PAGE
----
Liberty through bondage sounds contradictory, yet believers see the truth behind the veil. God reveals to His adopted children that everyone has a master; it just comes down to who you serve. Jesus teaches: “No one can serve two masters; for either he will hate the one and love the other, or he will be devoted to one and despise the other. You cannot serve God and wealth” (Matt. 6:24). Money motivates and dominates our fallen world, but slaves of Christ entrust their lives to a generous, loving Master who frees them from worldly woes. Paul says our reward for kingdom service is priceless and worthy of rejoicing over: ‘Having been freed from sin and enslaved to God, you have your benefit, leading to sanctification, and the end, eternal life’ (Rom. 6:22). What more could we want?



A heavenly transaction took place that we might confess Christ as King. As slaves, Paul reminds us we were ‘bought with a price’ (1 Cor. 6:20) by the new Lord of our life. Peter adds that God didn’t buy us with mere ‘corruptible things like silver or gold…but with precious blood, as of a lamb unblemished and spotless, the blood of Christ’ (1 Pet. 1:18-19). Since the cost to free us from sin and hell was the God-man’s blood, we must eagerly do as Peter says: ‘Act as free people, and do not use your freedom as a covering for evil, but use it as slaves of God. Honor all people, love the brethren, fear God, honor the king’ (1 Pet. 2:16-17). The price Christ paid dwarfs mountaintops, so our conduct ought to aim in the same direction!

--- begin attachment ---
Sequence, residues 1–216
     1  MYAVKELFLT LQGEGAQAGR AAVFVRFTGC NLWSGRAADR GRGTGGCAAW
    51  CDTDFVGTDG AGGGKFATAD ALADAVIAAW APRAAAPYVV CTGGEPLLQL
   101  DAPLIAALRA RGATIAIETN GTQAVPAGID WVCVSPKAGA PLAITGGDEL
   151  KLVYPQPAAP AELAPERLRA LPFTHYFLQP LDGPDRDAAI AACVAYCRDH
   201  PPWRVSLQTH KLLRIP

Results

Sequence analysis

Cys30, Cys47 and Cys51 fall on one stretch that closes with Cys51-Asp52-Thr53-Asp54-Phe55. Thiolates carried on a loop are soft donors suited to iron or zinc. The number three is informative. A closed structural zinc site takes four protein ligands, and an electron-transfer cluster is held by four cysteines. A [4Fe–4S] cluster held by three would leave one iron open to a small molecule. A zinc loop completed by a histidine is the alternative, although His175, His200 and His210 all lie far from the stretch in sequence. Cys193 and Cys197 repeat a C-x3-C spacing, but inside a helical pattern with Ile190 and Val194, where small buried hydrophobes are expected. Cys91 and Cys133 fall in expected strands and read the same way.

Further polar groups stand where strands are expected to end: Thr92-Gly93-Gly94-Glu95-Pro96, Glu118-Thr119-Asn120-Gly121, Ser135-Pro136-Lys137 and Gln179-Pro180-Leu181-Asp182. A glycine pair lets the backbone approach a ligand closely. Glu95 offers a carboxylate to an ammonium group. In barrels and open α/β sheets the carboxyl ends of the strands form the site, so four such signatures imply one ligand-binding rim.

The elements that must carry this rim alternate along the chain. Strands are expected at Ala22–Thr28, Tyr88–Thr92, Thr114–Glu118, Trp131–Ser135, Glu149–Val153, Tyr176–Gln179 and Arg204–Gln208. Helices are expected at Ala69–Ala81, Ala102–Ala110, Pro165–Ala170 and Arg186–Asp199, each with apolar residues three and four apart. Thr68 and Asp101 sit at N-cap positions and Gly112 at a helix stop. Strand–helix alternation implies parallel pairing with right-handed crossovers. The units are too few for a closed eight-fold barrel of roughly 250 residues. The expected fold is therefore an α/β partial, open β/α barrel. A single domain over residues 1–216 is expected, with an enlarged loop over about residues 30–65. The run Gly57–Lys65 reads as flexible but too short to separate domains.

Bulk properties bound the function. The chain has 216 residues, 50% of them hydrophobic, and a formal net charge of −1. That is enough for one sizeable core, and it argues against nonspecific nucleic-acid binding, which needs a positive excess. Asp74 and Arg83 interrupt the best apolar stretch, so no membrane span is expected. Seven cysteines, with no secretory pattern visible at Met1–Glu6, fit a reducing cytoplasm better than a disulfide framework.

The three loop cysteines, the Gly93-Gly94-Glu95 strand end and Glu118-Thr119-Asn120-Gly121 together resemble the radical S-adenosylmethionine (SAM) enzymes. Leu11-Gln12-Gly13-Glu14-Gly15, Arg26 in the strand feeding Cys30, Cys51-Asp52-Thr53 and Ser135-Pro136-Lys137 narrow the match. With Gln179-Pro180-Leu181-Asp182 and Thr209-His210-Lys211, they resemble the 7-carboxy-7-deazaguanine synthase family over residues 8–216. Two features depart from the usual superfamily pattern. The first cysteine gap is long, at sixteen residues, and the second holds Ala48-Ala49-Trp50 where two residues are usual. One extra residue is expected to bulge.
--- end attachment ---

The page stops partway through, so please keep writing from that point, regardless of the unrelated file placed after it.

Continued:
Slaves don’t set rules or priorities. Slaves obey their masters in all walks of life. No command is questioned or wiggled out of. So Paul reprimands those who stray from the gospel, asking: ‘Am I now seeking the favor of men, or of God? Or am I striving to please men? If I were still trying to please men, I would not be a slave of Christ. For I make known to you, brothers, that the gospel which I am proclaiming as good news is not according to man…I received it through a revelation of Jesus Christ’ (Gal. 1:10-12). Paul was grieved when the gospel was dishonored as he served the very God who gave it. He knew the gospel of grace was inherently offensive, yet a slave cannot change his Master’s message, and nor should he want to!



Christ offended His hometown when He preached on spiritual bondage and religious blindness, telling His childhood synagogue: “The Spirit of the Lord is upon Me, because He anointed Me to preach the gospel to the poor. He has sent Me to proclaim release to the captives, and recovery of sight to the blind, to set free those who are oppressed” (Isa. 4:18). His message offended self-righteous slaves of sin. But this upside-down Messiah came to destroy false teachers who “tie up heavy burdens and lay them on men’s shoulders, but they themselves are unwilling to move them with so much as a finger” (Matt. 23:3). They enslaved sinners to systems that couldn’t save, all while rejecting God who cares for the weary and heavy-laden.

 

Works righteousness was and is a dead-end road. Only Christ saves by paying the sin debt we amass against God. By His life, death, and resurrection, Christ shows that serving God frees us today and glorifies us in the future. Jesus upended an ancient institution in order to save sinners and make them subjects in His kingdom. He said: “The thief comes only to steal and kill and destroy; I came that they may have life, and have it abundantly” (John 10:10). Christ still gives abundant new life to all who call on Him as Lord. In Him we find the Master we long to serve in loving gratitude for the ransom He paid to free our souls. So let us wear ‘slave’ as the badge of honor that God intends it to be!